4. SARQ training uses more muscles than linear running, which can help you burn more calories during your workout. Think of driving in the city compared to driving on a highway—the former requires frequent starts and stops, which burns more fuel, while the latter maintains a consistent rate of speed, which helps to conserve energy. The body uses approximately 5 calories of energy to consume one liter of oxygen. When more muscles are involved during exercise, the body requires more oxygen, which increases the amount of energy that is expended. Most, if not all, of the leg muscles are needed to overcome the forces of gravity and ground reaction to control the body’s ability to make multiple changes of direction and frequent changes of speed (a hallmark of SARQ training), while running at a constant pace in a linear direction does not engage the leg muscles in the same ways.

5. SARQ training is a form of high-intensity interval training (HIIT), which is an effective way to burn a lot of calories in a limited amount of time. In fact, it can actually help you continue to burn calories after you’ve finished your workout. SARQ drills can cover approximately 10 to 50 meters and should be run at the fastest rate of speed possible. This can burn a lot of calories, but requires complete rest intervals between repetitions to allow for energy replenishment and nervous system recovery. The ability to burn calories after the workout is over is technically known as excess post-exercise oxygen consumption (EPOC) and can be a big help to those with weight-loss goals.

6. SARQ training can help reduce the risk of a number of different types of injuries. Performing the same movement patterns over and over again can lead to tissue fatigue and repetitive stress injury, while quickly changing speed or direction can lead to a strain if the involved tissue is not able to adequately mitigate the applied forces. SARQ training is movement variability training, which is not only effective for strengthening the contractile element of muscle, but also for improving the strength and resiliency of the elastic fascia and connective tissue, thus improving its ability to rapidly lengthen and shorten. This can help minimize the risk of many injuries related to rapid changes of speed or direction.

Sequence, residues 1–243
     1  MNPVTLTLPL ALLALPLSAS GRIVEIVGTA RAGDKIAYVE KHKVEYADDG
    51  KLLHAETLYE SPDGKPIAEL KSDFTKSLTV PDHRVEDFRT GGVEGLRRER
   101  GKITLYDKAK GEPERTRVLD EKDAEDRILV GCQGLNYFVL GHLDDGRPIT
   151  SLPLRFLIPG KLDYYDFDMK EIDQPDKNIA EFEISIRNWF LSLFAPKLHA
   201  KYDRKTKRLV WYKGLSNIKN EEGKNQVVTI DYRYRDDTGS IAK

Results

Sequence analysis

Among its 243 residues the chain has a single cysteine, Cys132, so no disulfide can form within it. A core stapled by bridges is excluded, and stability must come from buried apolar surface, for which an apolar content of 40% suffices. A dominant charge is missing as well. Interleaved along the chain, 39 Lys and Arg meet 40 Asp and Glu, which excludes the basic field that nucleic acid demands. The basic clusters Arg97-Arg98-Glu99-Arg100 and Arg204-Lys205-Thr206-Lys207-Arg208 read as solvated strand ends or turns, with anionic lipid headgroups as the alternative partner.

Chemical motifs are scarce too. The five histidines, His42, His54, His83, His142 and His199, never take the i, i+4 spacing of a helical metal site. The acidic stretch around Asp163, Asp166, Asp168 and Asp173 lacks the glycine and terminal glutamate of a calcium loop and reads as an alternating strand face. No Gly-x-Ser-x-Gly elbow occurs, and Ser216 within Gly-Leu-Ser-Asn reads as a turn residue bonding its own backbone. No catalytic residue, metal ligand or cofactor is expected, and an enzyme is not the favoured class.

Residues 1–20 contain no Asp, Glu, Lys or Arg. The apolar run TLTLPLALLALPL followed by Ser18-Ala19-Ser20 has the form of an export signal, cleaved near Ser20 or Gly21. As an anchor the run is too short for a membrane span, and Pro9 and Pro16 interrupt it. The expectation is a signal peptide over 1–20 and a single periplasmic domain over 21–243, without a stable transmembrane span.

7. SARQ training is a great way to connect with your kids. It can be hard to find things in common with your kids, but if you learn how to do an agility ladder or execute rapid changes of direction, you can feel comfortable going out and shooting baskets or kicking a ball around with your kids, thus giving you more opportunities to spend time with them.

Despite the perception that SARQ training is only for people playing sports, you don’t need to be a professional to receive benefits from this mode of exercise. Due to its challenging nature, SARQ training places a tremendous amount of stress on the muscles, connective tissues, joints and bones of the lower body. Start slow and gradually increase the complexity (number of direction changes), the distance covered, speed of movement, and the number of different drills and repetitions for each drill.

When learning SARQ exercise, the main components of proper form include:

1. Foot placement—make ground contact with the widest part of your foot, and allow your whole foot to roll down before explosively pushing off of the ground